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To deal with a fiscal crisis in Arizona, the
governor-elect, Janet Napolitano, a Democrat, wants agencies
to cut spending by 10 percent across the board, making
exceptions only for education, corrections and some children's
The University of Iowa increased tuition and fees this year
by 18.5 percent, the biggest increase in more than two
decades, after an increase of 9.9 percent in the prior year.
The state Board of Regents is considering further increases
for the next academic year.
Most of the tax changes made by states in the last year
affected tobacco levies. Nineteen states increased cigarette
taxes, many by more than 50 cents a pack, the governors'
Services account for a growing share of state economic
activity, but states have found it difficult, for political
reasons, to increase taxes on services. Likewise, Mr.
Scheppach said, "it's very hard to raise taxes on
middle-income Americans, when they don't have secure health
insurance, to pay for health care for low-income
State tax collections came in far below the states'
original estimates in the most recent fiscal year, which ended
on June 30 for most states. Sales tax revenues, $147.6
billion, were 3.2 percent lower than expected, while personal
income tax revenues ($187.7 billion) were down 12.8 percent
and corporate income tax receipts ($21.6 billion) were down
In July, the United States Senate overwhelmingly approved a
proposal to provide fiscal relief to states through a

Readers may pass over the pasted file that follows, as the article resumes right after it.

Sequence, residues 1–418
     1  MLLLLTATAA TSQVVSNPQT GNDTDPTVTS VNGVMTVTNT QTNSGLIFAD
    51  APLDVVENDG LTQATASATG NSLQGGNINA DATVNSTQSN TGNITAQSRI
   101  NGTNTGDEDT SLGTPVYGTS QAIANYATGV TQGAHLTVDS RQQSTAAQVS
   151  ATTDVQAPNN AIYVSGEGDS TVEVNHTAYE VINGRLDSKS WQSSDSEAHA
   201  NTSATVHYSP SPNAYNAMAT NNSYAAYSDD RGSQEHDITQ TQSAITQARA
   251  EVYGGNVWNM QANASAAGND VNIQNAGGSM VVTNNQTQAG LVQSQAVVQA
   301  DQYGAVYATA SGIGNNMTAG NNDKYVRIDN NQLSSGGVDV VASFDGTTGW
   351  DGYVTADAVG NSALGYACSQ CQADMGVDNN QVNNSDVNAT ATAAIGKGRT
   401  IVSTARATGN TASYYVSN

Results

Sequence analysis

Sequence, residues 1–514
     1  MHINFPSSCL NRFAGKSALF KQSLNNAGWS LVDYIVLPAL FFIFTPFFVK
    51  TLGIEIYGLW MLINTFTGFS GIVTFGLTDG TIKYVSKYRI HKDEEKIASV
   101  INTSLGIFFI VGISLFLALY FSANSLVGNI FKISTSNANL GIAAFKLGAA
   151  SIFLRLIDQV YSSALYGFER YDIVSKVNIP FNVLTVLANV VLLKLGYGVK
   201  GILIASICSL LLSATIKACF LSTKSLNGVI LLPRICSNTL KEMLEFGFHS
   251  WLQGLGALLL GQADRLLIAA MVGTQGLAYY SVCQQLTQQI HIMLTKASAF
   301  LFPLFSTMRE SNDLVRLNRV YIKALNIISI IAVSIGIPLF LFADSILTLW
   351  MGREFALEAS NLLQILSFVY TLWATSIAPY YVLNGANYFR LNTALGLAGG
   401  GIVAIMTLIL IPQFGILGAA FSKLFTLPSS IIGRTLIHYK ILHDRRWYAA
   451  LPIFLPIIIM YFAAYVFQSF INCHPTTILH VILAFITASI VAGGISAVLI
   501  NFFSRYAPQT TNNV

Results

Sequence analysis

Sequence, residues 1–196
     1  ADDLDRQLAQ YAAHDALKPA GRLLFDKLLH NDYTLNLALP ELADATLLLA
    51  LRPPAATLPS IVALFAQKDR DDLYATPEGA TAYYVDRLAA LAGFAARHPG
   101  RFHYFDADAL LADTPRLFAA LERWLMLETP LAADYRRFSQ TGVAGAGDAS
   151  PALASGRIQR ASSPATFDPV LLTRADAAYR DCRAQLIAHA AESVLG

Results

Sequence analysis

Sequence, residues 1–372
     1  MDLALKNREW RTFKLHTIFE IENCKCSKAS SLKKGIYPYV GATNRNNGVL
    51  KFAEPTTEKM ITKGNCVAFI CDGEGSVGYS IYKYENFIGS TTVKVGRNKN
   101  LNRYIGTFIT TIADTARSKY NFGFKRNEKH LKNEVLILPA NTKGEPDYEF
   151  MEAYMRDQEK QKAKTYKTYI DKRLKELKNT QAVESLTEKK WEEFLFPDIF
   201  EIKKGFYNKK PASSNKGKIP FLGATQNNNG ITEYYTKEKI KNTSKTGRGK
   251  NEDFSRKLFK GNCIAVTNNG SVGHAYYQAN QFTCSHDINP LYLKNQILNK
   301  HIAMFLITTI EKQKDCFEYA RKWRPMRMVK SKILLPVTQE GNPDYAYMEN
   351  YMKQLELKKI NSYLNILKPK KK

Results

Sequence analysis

temporary increase in federal grants for Medicaid and social
services, but it never became law. The Bush administration and
Senator Don Nickles, the Oklahoma Republican in line to become
chairman of the Budget Committee in the new Congress, opposed
Federal officials say they have no money to spare at a time
when the federal government faces growing deficits, after four
years of surpluses.
Mr. Scheppach cataloged some of the states' needs. After
the Sept. 11 attacks, President Bush sought $3.5 billion to
train and equip local police officers, firefighters and rescue
workers, but Congress adjourned last week without providing
Mayor Thomas M. Menino of Boston, president of the United
States Conference of Mayors, said cities were spending $2.6
billion on new security measures without receiving any direct
With great fanfare, Congress passed legislation last month
to clean up the nation's election procedures. But it provided
none of the money promised to states to help them buy new
election machinery and to train poll workers to comply with
On Oct. 1, states lost $1.2 billion that had been
appropriated by Congress to provide health coverage for
low-income children. The money, unclaimed after four years,
reverted to the Treasury, and Congress did nothing to restore
it, despite pleas from states.